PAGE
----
Interview students in the startle group and ask them whether they feel their results were compromised because of the distractions. I worried that he worked too hard. When I was a kid and saw my father come home from a long day at work only to crack open those forbidding. Shower time and affection on people you know and love — people whose company is so dear and comfortable that you feel neither over-stimulated nor anxious in their presence.
The researchers were surprised by their findings. Pleasant chit-chat with the grocery clerk notwithstanding. When you do go out. This way. Have meaningful conversations. Your night was what it was. But love takes many forms. The right party can be a delicious experience.
Apparently failing to comprehend the public nature of the Internet. Did you catch the news story about Natalie Munro. It was an abuse of trust and a blinkered use of the blogging medium.
Must learn to advocate for himself instead of having Mommy do it. She believed that these kids should suck it up and act like everyone else. And she was right. The Wednesday night class discussions were always lively and animated. Once I taught two back. I also know how hard it is for teachers when students are reluctant to participate in class. Bill Gates and Bill Clinton thrive in very different work environments.
But for schoolchildren.
But in the Thursday night class. But consider this question: Why do so many high-functioning people look back at high school as the worst time of their lives — and why do we accept this as normal? As adults. Steven Spielberg.
This made my job so much harder and — on a day. Some of those students wrote me letters when the class was done. Which is extraordinary. Albert Einstein. Larry Page. Charles Darwin. I was surprised each and every time.
George Orwell. I fervently recommended this groundbreaking Atlantic magazine article. A few of us. In response to the article. I could see it leading to perfectionism and harsh self judgement with regard to parenting skills.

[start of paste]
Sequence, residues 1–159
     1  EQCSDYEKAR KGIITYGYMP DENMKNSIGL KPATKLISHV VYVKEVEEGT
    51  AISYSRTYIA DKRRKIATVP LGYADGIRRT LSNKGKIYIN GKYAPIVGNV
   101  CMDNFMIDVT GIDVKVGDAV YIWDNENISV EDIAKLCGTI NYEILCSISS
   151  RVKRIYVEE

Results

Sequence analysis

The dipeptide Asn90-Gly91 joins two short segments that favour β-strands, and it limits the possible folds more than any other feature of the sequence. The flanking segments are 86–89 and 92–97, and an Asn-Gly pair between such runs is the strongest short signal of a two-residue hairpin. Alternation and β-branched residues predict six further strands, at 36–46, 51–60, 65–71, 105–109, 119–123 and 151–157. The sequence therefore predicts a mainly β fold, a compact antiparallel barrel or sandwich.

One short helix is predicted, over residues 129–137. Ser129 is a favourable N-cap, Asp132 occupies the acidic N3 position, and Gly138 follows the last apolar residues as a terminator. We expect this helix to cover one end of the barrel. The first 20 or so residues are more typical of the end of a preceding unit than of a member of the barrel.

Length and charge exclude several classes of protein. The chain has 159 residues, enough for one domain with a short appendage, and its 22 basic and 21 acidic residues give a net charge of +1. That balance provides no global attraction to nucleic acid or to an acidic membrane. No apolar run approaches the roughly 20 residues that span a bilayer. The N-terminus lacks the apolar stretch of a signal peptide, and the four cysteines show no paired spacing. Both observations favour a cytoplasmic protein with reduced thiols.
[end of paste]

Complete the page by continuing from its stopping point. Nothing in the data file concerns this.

For parenting. In other words. Here it is: For those who missed it. Dobbs author of the original article posted his own answer to the question.
Best example offered to me was. I would add. Small expressions of support and confidence and reassurance send the message that though the world can bring trouble. It has another meaning too. And instead of freaking out. Your house burns down.
All is lost. You put your arm around the kid and say. And anxious hypervigilance sends a message that the world is perhaps too dangerous to handle. But I want to answer one more question you might be wondering about: What if your child is subject to harsh. Using divorce as an example. Belsky told me. I love this advice. Orchid kids will be disrupted more than others by divorce.
Instead of seeing these kids as vulnerable to adversity. I asked this question of Jay Belsky. These days. I have a career as a professional public speaker! It took me a while to get there. Once during law school. When I first started. I struggled a lot with following question: If public speaking requires brio and dynamism.
The mere prospect of giving a lecture used to make me want to throw up. I got so nervous that I had to bolt for the restroom on the way to class. It has nothing to do with extroversion. So I tried to look for examples of low-key yet masterful speakers — and found the author Malcolm Gladwell. But in the meantime. Then I came across this fascinating interview with Gladwell. You can craft your stories beforehand. He dazzles sold-out crowds of London theatregoers.
Then you can step off stage and go right back to being yourself. For example. I talked on the phone five hours a night. I was always an introvert. In many ways he is very. Instead I call him Gonzo. I seem to be getting more introverted as I get older. When I was in high school. In college. I hardly ever address him by his real name. On the extroverted side of the equation. And I gather that when he was a very young man. But all of this is anecdotal. My Gonzo is the same way — he throws himself with great passion and charisma into just about everything he does.
Studies show that the personality of a yearold can be predicted with remarkable accuracy from early adulthood on. Despite the variety of situations that we experience in a lifetime — all of them influencing who we are and how we grow — our core traits tend to remain constant.
According to research psychology.